Geek StuffThinkTech

How to Watch TV & Listen to Music Simultaneously Through Your Receiver

Is it possible to watch TV and listen to music simultaneously through your AV receiver? Yes of course. There are two ways to do it. One is much simpler using built in functionality through your receiver while the other requires a HDMI splitter workaround to select a different audio source.

AV Receiver with Built-in Video Out

The easiest way is to get a audio/video receiver that has this functionality already. Yamaha home theater receivers have a built-in function called “Video Out”, which is applicable to audio sources, like AUX, bluetooth, tuner, or USB. This means you can select a video source to display on your TV while listening to your music, podcast, or any different audio source you have hooked up to the receiver. We recommend the RX-V4A as a great entry level home theater receiver. If you have a Roku or Fire TV streaming device connected to any of the HDMI or AV ports, then you can select that video out port for your video source, thus allowing you to watch TV and listen to music at the same time.

Using a HDMI Splitter or Getting a Second Streaming Device

HDMI Splitter
Without the Video Out feature in your receiver, like the SONY STR-DH590, you will need a HDMI splitter like Rocketfish 2-Output HDMI Splitter. This splitter is capable of 4K video resolution, HDR output and is HDSCP 2.2 compatible, giving you the perfect option to split your 4K signal. Now what you’ll do is plug both the output from the splitter into your AV receiver HDMI inputs, one into your “primary” HDMI input, one into another HDMI input which we’ll call the “secondary” input. Make sure you remember the name of the secondary input. It doesn’t matter what it’s labeled on your receiver. By hooking up your entertainment system this way, you can still watch and listen to your TV by using the primary input.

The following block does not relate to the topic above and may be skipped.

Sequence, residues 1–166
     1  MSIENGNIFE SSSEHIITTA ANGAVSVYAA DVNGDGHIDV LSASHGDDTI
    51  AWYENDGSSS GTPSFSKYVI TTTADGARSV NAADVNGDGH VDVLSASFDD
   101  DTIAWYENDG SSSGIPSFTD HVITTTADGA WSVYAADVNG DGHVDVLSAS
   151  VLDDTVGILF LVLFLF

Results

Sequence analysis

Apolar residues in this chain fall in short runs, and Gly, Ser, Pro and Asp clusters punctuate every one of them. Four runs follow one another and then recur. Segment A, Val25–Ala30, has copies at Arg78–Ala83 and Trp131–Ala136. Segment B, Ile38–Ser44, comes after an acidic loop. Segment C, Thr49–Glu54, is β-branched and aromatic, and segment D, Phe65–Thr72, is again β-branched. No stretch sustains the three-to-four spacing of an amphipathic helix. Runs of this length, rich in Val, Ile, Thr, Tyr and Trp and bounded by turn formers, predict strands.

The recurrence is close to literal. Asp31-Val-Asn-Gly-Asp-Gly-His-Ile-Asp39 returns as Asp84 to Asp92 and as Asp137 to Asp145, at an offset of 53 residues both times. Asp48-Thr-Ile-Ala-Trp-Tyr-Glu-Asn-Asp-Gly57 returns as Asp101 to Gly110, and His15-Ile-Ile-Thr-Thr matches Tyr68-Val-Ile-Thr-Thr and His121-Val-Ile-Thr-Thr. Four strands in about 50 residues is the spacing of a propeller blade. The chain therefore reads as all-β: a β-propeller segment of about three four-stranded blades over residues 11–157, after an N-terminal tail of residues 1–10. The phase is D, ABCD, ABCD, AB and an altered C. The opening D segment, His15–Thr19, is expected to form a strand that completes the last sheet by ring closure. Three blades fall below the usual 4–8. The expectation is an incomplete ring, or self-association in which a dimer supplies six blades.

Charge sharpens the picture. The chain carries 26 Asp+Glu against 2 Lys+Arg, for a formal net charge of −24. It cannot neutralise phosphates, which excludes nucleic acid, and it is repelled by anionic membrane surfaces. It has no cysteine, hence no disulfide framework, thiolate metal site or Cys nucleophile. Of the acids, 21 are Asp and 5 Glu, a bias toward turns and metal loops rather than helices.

For watching TV and listen to music at the same time, you’ll switch to the secondary input. For example, the secondary output might be plugged into secondary HDMI input labeled SAT/CATV. Then plug your audio source, like CD player or Echo Dot into the SAT/CATV analog or digital input. In your receiver settings, you should be able to assign the audio source for SAT/CATV as analog or digital coaxial or optical, whichever one is connected to your audio source. Now when you switch to your secondary HDMI port, you can still watch TV, while the audio is coming from your different audio source, thus allowing you to watch TV and listen to music simultaneously.

Second Streaming Device
Much like using the splitter, you can also get around the problem by using a second streaming device or stick without purchasing a splitter. Streaming sticks are very inexpensive these days so this is more economical. You can get a Fire TV Stick Lite or Roku Express for $20-$30. However, you’ll have to keep track of which one you’re using and operate another remote.

Just like the splitter method, plug in the second streaming device into another input on your receiver. Then reassign the audio source of that input in your receiver to which ever audio source you would like to play CD, AUX, coaxial or optical. The options are available depending on your receiver. Check the manual for detailed instructions.

While this method is more cumbersome, it does work and should work with all models of AV receiver that doesn’t have a built-in video out functionality for audio only sources.

Yamaha receivers Rocketfish HDMI splitter